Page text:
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Chrysler's application for .ram domain meets India's objection

The auto giant has approached the govt and offered to sign an agreement promising to use the domain name with caution

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Following India’s objection to Chrysler’s application to register the communally sensitive website domain name, .ram, the global auto giant has proposed to sign an agreement to use the domain with caution, in view of the sensitivity attached to the name.

Chrysler, which sells a range of vehicles under the name of Ram trucks, had filed an application to register the domain name with the Internet Corporation for Assigned Names and Numbers (ICANN) last year. However, on receiving India’s objection, a team from the company recently flew down to the country and met officials of the department of electronics and information technology.

According to a senior government official directly aware of the matter, has proposed to sign an agreement with the government that it will not further sell the .ram domain name to anyone if it registers it. It has also agreed to take down the website if the Indian government finds its string objectionable.

“What if someone registers a domain name such as www.sex.ram? It could create a lot of communal tension in the country,” the official added, justifying the government’s objection to the allocation of the domain name. “We are deliberating on the issue internally to decide whether India should sign such an agreement,” said the official wishing not to be named.

In an emailed response, a Chrysler spokesperson confirmed the development. “Chrysler Group LLC takes India’s concerns very seriously, and we appreciate the government’s willingness to discuss the matter. The company hopes an agreement can be reached that adequately addresses the government’s concerns but still allows Chrysler to register and operate ‘.ram’ for legitimate business purposes,” the company said in a statement.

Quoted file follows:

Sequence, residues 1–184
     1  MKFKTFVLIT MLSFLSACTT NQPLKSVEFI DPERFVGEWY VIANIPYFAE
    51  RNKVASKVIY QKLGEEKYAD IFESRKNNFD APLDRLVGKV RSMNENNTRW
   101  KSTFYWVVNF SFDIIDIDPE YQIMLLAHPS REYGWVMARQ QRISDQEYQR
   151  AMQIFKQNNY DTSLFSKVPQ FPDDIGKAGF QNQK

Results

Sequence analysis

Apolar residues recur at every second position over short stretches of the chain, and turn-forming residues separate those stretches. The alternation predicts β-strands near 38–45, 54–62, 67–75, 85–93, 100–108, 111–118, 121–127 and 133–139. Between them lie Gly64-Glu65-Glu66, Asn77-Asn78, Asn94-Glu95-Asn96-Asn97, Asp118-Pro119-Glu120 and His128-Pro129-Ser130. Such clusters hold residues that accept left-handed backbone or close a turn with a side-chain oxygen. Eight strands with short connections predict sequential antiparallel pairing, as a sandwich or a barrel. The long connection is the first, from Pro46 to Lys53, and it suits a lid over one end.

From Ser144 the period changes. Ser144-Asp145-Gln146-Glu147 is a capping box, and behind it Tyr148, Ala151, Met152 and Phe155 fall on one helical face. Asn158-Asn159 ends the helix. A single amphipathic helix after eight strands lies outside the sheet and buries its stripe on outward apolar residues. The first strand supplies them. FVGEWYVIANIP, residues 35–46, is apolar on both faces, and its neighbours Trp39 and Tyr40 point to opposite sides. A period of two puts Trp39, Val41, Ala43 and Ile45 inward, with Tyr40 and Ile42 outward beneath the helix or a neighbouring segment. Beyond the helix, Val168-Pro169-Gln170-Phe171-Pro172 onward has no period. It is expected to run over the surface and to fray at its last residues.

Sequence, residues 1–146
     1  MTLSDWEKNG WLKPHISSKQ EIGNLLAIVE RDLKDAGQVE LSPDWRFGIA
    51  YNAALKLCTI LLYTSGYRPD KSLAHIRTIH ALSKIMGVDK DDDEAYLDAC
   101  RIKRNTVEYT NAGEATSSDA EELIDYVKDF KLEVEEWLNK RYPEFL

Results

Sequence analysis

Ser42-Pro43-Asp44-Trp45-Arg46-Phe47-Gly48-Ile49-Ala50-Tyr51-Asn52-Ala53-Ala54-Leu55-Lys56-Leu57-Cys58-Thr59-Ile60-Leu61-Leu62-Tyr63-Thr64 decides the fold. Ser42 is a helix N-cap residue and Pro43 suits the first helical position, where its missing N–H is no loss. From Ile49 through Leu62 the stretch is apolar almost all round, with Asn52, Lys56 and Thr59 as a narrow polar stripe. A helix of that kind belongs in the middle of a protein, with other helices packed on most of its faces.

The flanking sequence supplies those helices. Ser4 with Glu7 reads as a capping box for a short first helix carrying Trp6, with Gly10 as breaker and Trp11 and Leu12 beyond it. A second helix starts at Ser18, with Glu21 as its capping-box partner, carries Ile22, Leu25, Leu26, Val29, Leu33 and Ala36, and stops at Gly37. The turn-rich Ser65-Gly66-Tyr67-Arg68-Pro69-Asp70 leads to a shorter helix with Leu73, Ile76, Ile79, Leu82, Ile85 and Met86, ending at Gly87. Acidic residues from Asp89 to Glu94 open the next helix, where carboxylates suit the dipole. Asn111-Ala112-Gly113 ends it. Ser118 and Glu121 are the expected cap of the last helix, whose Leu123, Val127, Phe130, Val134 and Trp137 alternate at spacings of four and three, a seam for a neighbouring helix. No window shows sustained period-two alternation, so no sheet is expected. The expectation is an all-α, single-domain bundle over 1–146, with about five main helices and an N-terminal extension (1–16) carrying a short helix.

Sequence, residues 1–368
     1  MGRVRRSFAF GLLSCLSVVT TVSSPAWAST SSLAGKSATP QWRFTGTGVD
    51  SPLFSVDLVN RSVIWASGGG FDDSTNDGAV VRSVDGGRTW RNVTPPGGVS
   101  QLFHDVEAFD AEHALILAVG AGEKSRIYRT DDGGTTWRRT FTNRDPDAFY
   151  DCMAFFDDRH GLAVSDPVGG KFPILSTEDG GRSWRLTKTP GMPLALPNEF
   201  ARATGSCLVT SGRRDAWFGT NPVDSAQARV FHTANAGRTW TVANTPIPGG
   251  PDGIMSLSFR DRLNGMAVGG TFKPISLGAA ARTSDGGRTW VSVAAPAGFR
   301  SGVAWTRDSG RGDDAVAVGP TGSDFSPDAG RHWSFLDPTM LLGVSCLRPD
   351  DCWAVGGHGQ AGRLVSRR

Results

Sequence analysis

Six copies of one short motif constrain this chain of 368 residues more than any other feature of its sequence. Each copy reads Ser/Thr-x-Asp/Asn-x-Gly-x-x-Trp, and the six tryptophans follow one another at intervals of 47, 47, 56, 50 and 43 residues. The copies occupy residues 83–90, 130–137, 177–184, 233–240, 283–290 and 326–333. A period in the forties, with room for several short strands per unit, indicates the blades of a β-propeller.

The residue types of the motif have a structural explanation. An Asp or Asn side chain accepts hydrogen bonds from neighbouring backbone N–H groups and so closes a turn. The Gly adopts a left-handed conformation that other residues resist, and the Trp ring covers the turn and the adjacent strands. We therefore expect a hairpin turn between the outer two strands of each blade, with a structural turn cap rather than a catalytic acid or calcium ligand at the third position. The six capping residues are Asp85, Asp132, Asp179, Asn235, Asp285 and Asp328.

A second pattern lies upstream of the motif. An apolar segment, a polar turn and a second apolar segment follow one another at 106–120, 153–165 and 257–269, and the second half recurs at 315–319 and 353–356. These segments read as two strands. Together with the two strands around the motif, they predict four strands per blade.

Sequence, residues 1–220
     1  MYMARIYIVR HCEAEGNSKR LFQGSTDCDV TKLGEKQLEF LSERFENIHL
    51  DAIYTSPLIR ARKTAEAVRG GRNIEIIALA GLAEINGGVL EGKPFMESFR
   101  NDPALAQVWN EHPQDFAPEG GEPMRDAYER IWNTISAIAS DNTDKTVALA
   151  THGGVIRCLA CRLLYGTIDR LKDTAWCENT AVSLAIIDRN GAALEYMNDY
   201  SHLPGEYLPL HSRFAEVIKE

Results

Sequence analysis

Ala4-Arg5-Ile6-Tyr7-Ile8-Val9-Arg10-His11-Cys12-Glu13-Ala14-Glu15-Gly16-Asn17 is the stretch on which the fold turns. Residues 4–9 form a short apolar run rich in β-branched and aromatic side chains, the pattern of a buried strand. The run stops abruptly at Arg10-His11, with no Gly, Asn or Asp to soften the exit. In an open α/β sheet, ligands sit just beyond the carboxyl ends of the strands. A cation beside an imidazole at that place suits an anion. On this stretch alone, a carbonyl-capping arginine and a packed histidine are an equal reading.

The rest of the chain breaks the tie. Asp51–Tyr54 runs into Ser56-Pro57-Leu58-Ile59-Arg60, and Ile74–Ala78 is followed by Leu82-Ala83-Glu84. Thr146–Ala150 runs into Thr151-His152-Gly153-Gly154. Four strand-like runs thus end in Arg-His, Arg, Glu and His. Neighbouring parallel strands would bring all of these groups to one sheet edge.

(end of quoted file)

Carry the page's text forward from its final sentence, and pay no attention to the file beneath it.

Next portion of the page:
The government has also raised serious objections to the bids of some foreign agencies to register with such as .islam, .bible and .halal. According to it, these domain names, if allocated and misused by using demeaning prefixes, could potentially pre-empt religious tensions.

The reason for objecting to the .ram domain name, according to India, is that Ram is worshipped as a Hindu God and is the hero of the Ramayana, an epic of the country. “Under Indian Trade Mark Act Section 9(2) clearly mentions that a mark shall not be registered if it contains or comprises of any matter likely to hurt the religion susceptibilities of any class or section of the citizens of India, we believe the (general top level domain) string “.ram” should be set aside by ICANN.”

These domain names are being administered by ICANN as part of a global process to award gTLD names that could be anything from the name of a company to a country to a sport or an object. So far, ICANN has received 1,930 applications — 20 of those from India — for names including .tata, .infosys and .hdfc.

In the past, there have been several protests in the country over religious content being posted online. The most recent example is the one concerning the Northeastern states that led to a major exodus of residents of these states from other parts of the country.

According to industry experts, India may be able to win this battle over domain names but it may not be possible for it to skim through every piece of content on the internet and prevent communal tensions.

Parminder Jeet Singh, executive director of IT for Change, a technology research and advocacy firm, supported the move. “Caution has to be exercised in such matters as the internet will become mainstream even in villages in the next five years. If negative messages are sent from domains such as .hindu or .islam, it might have serious law-and-order implications.”

The process of registration of customised domain names started last year. ICANN has provided a window to raise objections to specific applications and a dispute-resolution mechanism.

While ICANN did not specifically comment on the application for .ram, ICANN’s Director of global media affairs, Brad White, said in an emailed response that an applicant would be given the domain names only if it prevailed in all dispute-resolution proceedings.

“As a result of a dispute-resolution proceeding, either the applicant will prevail (in which case the application can proceed to the next relevant stage), or the objector will prevail (in which case either the application will proceed no further or the application will be bound to a contention-resolution procedure),” he added.

The government official added that the government of the UAE had also objected to the registration of .islam and .halal by a private agency and the matter would be taken up in a meeting next month in South Africa.

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